Guest Column

Forging a Revolutionary Foreign Policy for Myanmar

By David Scott Mathieson 16 May 2023

Thailand’s policy towards Myanmar was the subject of a recent event at the Foreign Correspondents Club of Thailand (FCCT). The speakers were former Thai foreign minister Kasit Piromya and two academics, Sirada Khemanitthathai from Chiang Mai University and Pinitbhand Paribatra from Thammasat University, who discussed potential changes to Thailand’s policy towards its restive neighbor.

Who was not there? The following officials from Myanmar’s opposition National Unity Government (NUG) Ministry of Foreign Affairs: the deputy minister for Thailand Affairs [and her political advisor, press officer, and Thai-language speechwriter], the deputy minister for Southeast Asian Regional Affairs, and the NUG National Security Advisor [Asia Branch] and her two advisors [one of whom is a fluent Thai speaker, the other fluent in Mandarin].

What was the reason they weren’t in attendance? Because those positions or people don’t exist. Why is that?

Thailand is, along with China, the most important neighbor that Myanmar has and, as yesterday’s general election demonstrated, is also broadly opposed to military rule. There are multiple reasons why Thailand is crucial to the opposition to the State Administration Council (SAC) and continued military misrule, and has been for many decades.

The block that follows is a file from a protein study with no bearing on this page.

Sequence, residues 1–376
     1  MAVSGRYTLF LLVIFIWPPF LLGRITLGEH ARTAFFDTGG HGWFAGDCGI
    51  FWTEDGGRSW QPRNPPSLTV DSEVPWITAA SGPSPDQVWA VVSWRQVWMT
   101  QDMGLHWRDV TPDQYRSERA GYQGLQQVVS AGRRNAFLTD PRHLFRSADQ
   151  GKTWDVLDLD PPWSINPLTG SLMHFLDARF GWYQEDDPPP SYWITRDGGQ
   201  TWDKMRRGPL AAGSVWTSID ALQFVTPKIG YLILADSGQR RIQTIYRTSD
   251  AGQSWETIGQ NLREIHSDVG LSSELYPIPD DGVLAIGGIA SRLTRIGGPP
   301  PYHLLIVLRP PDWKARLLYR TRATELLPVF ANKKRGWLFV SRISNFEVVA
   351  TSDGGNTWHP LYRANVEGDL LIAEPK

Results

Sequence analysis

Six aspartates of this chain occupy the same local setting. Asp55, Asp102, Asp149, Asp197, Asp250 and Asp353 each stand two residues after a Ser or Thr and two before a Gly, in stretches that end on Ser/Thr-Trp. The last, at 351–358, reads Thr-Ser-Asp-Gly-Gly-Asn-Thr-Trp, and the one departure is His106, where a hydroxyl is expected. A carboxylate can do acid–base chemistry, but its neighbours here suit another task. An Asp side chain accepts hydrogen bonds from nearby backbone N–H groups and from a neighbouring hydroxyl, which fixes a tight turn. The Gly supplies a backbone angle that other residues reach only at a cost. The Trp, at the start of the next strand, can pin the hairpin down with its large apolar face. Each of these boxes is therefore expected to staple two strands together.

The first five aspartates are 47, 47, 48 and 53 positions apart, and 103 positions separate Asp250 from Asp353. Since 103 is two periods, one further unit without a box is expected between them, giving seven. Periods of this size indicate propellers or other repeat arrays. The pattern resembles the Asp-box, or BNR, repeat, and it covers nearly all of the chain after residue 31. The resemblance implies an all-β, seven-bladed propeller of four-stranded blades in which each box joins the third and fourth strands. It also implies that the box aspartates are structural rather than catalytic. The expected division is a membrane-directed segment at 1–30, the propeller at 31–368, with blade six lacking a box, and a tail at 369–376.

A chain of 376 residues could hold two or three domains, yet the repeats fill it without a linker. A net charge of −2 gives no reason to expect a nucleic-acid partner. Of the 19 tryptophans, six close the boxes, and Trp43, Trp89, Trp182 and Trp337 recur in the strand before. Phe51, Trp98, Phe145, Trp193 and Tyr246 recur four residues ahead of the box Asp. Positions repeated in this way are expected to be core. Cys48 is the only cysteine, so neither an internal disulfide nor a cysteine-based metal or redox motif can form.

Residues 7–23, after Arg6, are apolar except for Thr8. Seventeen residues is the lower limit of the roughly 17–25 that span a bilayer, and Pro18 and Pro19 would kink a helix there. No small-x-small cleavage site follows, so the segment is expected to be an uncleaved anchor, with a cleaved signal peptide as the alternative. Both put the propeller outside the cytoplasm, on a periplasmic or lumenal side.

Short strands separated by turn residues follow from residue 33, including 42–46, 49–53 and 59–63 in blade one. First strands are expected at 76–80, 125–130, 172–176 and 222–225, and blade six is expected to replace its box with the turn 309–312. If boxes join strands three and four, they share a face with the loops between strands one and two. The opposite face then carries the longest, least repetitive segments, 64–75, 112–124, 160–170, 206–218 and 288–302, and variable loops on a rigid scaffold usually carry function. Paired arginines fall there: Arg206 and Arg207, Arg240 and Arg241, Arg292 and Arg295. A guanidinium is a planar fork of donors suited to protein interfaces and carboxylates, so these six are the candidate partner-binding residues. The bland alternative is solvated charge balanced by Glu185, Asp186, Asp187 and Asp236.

How effective has the NUG’s foreign policy been? The SAC are still in Naypyitaw, and war rages across half of Myanmar. The conflict rarely makes the international news anymore, and few people globally could tell you who the NUG’s foreign minister is [it’s Daw Zin Mar Aung], let alone who the acting President is [it’s Duwa Lashi La]. Extreme atrocities make a brief news cycle, but in a crowded field of crises, Myanmar’s story has been lost, and some, if not all, blame must be placed on the NUG’s moribund foreign policy establishment

Consider five broad steps to forging a revolutionary foreign policy. First, and most crucially, forging a coalition foreign policy where the ethnic armed organizations (EAOs), especially the NUG’s tentative partners in Kayin, Kayah, Chin and Kachin armed groups, but also the more distant groups under China’s orbit are ‘equal’ partners to policy formulation and there are representatives of all EAOs and non-NUG aligned People’s Defense Forces (PDFs) if possible. Non-NUG or ‘coalition’ partners must be afforded equal position and respect. The recent statement by the NUG, Karen National Union, Karenni National Progressive Party and Chin National Front calling for the ‘Inclusive Humanitarian Forum’ with the United Nations (UN) Special Envoy is an important development and evidence that cooperation on such a crucial sector is possible.